Soldering directly to the rails should fix your problem depending on how you run your wiring. If you are soldering every section to the previous section everything should be alright. Keep in mind the rail joiners can still form a break in the electrical connection whereas direct wiring to the rais should prevent that problem. the joiners then provide smooth running from one section to the next regardless of electrical connection.

  • geoff says:

    Soldering to the rail avoids the potential problem of relying on the rail joiner to transmit the power.

  • Frank B says:

    The reason for soldering power feeders to long runs of track is that push-fit rail joiners cause slightly more resistance than a soldered joint, which adds up over many joins to cause a significant voltage drop, slowing down the train.

    In deciding how and where to connect, think about the fact that you may want to extend or modify your layout in the future, and how it will help to have your joins and connections in accessible places.

  • Jeff Morrow says:

    I’ve always had the best success soldering the feeder wires to the rail joiners. I can do the soldering at my workbench and don’t have to drag my soldering station all over my layout. Besides that, I can always make sure the solder connections are secure before putting everything together. I connect the track, feed the wires through the drilled holes in the roadbed and make the under table connections. The connections at the joiners become invisible once the ballast is added. I have 22 control blocks on this layout and have no issues with electrical connections.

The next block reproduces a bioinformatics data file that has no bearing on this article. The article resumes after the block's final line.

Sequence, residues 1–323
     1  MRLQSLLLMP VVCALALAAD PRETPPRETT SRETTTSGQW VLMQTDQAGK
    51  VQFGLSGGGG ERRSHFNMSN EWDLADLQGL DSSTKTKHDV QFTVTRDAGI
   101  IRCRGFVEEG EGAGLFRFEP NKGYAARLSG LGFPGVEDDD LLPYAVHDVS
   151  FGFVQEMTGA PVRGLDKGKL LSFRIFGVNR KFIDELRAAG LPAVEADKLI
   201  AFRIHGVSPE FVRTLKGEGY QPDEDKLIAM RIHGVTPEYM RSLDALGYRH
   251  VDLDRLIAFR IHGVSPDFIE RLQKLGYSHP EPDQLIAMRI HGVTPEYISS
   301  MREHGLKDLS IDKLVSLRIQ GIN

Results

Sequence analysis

I have soldered connections directly to the rails on occasion, but you have to be very careful not to warp the rails or melt the ties when doing this. I don’t have any of those concerns using the joiner method.

  • SteveB says:

    soldering to the joiners has many pluses that have been detailed here. The only drawback to soldering to the rail joiners is long-term contact resistance and the joiner becoming loose. This can happen with long-term usage. I will use a pair of flat-nosed electrician’s pliers and squeeze as hard as you can to lock the joiner as tight as possible. If you are like me and have a loss of strength in your hands; I use a C-clamp to squeeze the handles. The handles can break on less expensive pliers

  • John says:

    Electrical points are all covered; but there is structural value in soldered joiners – especially on curves. Unsoldered joiners are not reliable electrically or structurally.

    My electrical rule is “every” piece of track has at least one soldered connection – either drop feeders on side of rails or track joiner to next rail ( which must have soldered drop feeder wires) .

    Structurally, the soldered joiners assist in maintaining vertical and horizontal alignment on curves where stresses tend to pull rails apart. Especially if curve is also on a rise. Then we have expansion and contraction issues to allow for. Unsoldered connectors can allow for some expansion and contraction. – subject for another blog ?

  • Ian McIntosh says:

    Rail joiners can become loose or oxidized and stop conducting well. Soldering to the rails is more reliable long term.